The British Antislavery Movement, 1787-1833

Module code: HS3768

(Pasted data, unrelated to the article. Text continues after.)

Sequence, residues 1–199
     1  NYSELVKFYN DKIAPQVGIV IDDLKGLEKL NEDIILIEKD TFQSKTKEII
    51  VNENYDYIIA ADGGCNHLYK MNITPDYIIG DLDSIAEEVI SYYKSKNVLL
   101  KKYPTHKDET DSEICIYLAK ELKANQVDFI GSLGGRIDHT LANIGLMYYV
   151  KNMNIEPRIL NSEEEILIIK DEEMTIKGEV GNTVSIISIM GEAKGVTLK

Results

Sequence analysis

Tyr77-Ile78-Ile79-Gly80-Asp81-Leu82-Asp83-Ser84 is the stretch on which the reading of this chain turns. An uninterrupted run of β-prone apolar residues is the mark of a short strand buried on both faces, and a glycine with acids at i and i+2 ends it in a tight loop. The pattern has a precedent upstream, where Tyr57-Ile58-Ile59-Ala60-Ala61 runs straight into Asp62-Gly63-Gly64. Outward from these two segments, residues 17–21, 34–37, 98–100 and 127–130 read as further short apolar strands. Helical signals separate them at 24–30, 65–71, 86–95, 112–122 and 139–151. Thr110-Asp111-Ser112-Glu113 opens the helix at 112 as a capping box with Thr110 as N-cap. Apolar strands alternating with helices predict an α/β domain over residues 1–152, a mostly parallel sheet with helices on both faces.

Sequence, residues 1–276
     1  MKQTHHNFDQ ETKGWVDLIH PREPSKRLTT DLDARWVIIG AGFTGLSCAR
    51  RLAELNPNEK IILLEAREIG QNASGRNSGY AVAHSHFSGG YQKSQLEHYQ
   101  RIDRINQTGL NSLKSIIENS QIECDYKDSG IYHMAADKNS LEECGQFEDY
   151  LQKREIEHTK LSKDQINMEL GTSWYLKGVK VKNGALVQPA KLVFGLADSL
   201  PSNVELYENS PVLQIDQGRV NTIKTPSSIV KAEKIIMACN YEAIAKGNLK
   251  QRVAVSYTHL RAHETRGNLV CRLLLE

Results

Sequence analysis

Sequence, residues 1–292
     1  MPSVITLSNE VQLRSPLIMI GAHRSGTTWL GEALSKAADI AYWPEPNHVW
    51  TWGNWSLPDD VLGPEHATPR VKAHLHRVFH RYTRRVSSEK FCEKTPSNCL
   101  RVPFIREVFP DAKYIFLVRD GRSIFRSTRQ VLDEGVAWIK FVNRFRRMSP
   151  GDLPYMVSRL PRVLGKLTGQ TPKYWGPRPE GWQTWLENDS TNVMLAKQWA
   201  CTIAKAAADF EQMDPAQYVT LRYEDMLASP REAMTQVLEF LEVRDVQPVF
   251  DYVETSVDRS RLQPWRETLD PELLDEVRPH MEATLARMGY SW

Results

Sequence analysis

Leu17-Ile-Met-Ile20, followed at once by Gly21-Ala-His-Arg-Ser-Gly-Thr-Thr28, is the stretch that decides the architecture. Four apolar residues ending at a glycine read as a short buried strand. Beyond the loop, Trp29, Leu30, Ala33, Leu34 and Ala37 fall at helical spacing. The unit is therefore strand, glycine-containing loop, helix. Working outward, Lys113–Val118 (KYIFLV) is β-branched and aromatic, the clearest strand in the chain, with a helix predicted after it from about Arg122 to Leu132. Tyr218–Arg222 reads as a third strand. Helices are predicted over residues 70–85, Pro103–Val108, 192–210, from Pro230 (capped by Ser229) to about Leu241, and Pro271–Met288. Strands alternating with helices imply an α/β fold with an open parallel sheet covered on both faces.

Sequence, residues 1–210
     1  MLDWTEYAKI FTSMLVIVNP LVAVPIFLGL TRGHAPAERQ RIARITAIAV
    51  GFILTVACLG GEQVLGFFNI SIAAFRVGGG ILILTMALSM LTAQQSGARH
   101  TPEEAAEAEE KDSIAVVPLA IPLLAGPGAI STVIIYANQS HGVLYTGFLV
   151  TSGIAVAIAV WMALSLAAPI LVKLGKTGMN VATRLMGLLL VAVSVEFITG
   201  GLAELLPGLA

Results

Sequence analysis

By the 1780s, Britain had become the world’s largest slave-trading nation, shipping around 40,000 slaves per year to its colonies in the New World. The Atlantic slave trade and West Indian slave plantations were lucrative enterprises, and aroused relatively little public protest. Yet by 1807, Britain’s Parliament had abolished its Atlantic slave trade, and in 1833 it passed an Emancipation Act that by 1838 had freed the 800,000 people of African descent enslaved on its Caribbean plantations. How can we explain these dramatic developments? In this module, we will examine the rise of a popular British antislavery movement, the parliamentary campaigns of William Wilberforce, and the interplay between British abolitionism and Caribbean slavery. Attention will be given to the role of grass roots activists, women, black Britons, and slave revolts. The module will examine a rich variety of printed and manuscript sources: histories, memoirs, diaries, letters, debates, sermons, pamphlets, petitions, poems, and trial records. We will use these documents to explore the arguments, motivations, and tactics of the abolitionists, and to understand how – for the first time in history – antislavery became a mass movement.

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